Unfortunately the finale—and blame Shakespeare—gets rid of the supporting players and is instead just Price hamming it up in an absurd suit of armor—the costuming is probably inaccurate but is at least not absurd for most of the film, but Price’s king outfits are hilarious. There’s one where he wears the crown over his silly hat and then his armor has a visibly cheap crown incorporated into the helmet, which also has a big floofy feather. He should win the battle when everyone else starts laughing and he can take them out. He also doesn’t have much of a hunch in the armor, which is annoying since Price’s looked goofy the whole movie because he’s wearing such a big hunch, who knows how he might’ve played without it to leverage. Price somehow isn’t overtly theatrical, but borrows devices from such a performance and applies them badly to whatever he’s doing.

But, yeah, the end. No one else around to react to Price, just him blathering… Tower falls just when it needs to stay strong. It’s too bad, though probably inevitable.

0/4ⓏⒺⓇⓄ

CREDITS

Directed by Roger Corman; screenplay by Leo Gordon, F. Amos Powell, and Robert E. Kent, based on a story by Gordon and Powell and plays by William Shakespeare; director of photography, Archie R. Dalzell; edited by Ronald Sinclair; music by Michael Andersen; produced by Gene Corman; released by United Artists.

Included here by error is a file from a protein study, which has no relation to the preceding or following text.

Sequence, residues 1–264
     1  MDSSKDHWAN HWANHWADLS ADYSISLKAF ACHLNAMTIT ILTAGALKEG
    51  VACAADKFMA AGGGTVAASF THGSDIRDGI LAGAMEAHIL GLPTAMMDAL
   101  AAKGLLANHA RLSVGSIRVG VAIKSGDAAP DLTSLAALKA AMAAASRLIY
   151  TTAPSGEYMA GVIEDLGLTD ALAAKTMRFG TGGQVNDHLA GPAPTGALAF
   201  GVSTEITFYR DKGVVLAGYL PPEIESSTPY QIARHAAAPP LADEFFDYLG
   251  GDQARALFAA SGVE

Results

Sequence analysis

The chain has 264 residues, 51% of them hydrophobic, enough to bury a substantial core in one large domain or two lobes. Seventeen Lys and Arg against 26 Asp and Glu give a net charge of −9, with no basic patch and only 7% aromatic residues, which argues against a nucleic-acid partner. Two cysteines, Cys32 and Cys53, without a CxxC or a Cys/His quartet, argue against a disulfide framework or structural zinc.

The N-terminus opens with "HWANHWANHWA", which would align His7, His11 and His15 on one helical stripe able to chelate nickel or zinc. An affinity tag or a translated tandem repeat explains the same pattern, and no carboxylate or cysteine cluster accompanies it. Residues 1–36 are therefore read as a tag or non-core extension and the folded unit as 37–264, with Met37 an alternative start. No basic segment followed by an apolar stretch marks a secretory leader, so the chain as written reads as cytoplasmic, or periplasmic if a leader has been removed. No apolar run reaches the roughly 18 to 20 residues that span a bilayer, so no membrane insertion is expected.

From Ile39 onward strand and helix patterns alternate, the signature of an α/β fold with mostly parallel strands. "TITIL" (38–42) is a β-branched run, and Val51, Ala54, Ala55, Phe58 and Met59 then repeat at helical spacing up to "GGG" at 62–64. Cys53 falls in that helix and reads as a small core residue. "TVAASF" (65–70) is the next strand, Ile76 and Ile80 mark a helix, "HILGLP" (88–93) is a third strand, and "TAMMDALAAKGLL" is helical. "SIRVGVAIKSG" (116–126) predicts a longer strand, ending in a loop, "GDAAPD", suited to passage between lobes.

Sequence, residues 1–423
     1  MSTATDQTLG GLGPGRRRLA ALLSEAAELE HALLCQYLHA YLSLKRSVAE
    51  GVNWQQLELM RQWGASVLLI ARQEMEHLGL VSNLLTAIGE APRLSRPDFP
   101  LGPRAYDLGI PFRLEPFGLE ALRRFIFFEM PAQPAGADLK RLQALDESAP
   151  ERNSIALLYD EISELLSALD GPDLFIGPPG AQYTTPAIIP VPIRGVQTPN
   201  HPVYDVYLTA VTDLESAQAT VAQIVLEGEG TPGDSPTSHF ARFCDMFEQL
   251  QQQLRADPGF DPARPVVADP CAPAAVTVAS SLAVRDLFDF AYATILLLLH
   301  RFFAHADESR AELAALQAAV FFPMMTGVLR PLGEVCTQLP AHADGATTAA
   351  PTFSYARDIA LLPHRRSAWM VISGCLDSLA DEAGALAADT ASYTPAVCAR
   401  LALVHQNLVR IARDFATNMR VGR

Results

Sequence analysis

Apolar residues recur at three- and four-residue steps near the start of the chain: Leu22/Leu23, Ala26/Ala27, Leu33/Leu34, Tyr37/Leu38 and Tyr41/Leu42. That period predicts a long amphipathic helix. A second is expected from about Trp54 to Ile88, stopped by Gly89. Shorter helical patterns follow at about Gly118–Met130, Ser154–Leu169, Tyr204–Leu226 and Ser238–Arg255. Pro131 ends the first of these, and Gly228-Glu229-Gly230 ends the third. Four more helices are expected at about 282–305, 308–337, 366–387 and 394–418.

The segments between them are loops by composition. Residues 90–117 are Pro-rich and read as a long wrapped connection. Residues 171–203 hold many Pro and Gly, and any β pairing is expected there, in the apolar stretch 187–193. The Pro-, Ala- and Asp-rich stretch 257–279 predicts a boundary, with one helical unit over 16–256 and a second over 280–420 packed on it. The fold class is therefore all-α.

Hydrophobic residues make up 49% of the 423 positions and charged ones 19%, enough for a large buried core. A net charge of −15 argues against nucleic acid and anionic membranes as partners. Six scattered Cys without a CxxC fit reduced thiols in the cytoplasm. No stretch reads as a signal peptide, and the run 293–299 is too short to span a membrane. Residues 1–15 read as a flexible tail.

Starring Vincent Price (Richard of Gloucester), Michael Pate (Sir Ratcliffe), Joan Freeman (Lady Margaret), Robert Brown (Sir Justin), Bruce Gordon (Earl of Buckingham), Joan Camden (Anne), Richard Hale (Tyrus), Sandra Knight (Mistress Shore), Charles Macaulay (George, Duke of Clarence), Justice Watson (Edward IV), Sarah Selby (Queen Elizabeth).


Land of the Dead (2005, George A. Romero), the director’s cut

While Land of the Dead is almost always an unfortunate misfire, it’s also never an unmitigated disaster. It’s full of missed opportunities, but they’re usually missed because director Romero just can’t crack the scene. And when he doesn’t crack a set piece, he often goes in the entirely different direction; maybe it’s about the budget, which is way too small, maybe it’s not. But it seems like the budget. After the successful opening set piece, there’s no reason to think Romero isn’t going to be able to execute at least the same quality again. And he’s never able to do it, but he also never really tries to do it. Romero front loads the movie; it deflates just when it should be doing the opposite. The characters gradually lose personality and importance. Because it’s time for the adequate but bland zombie action.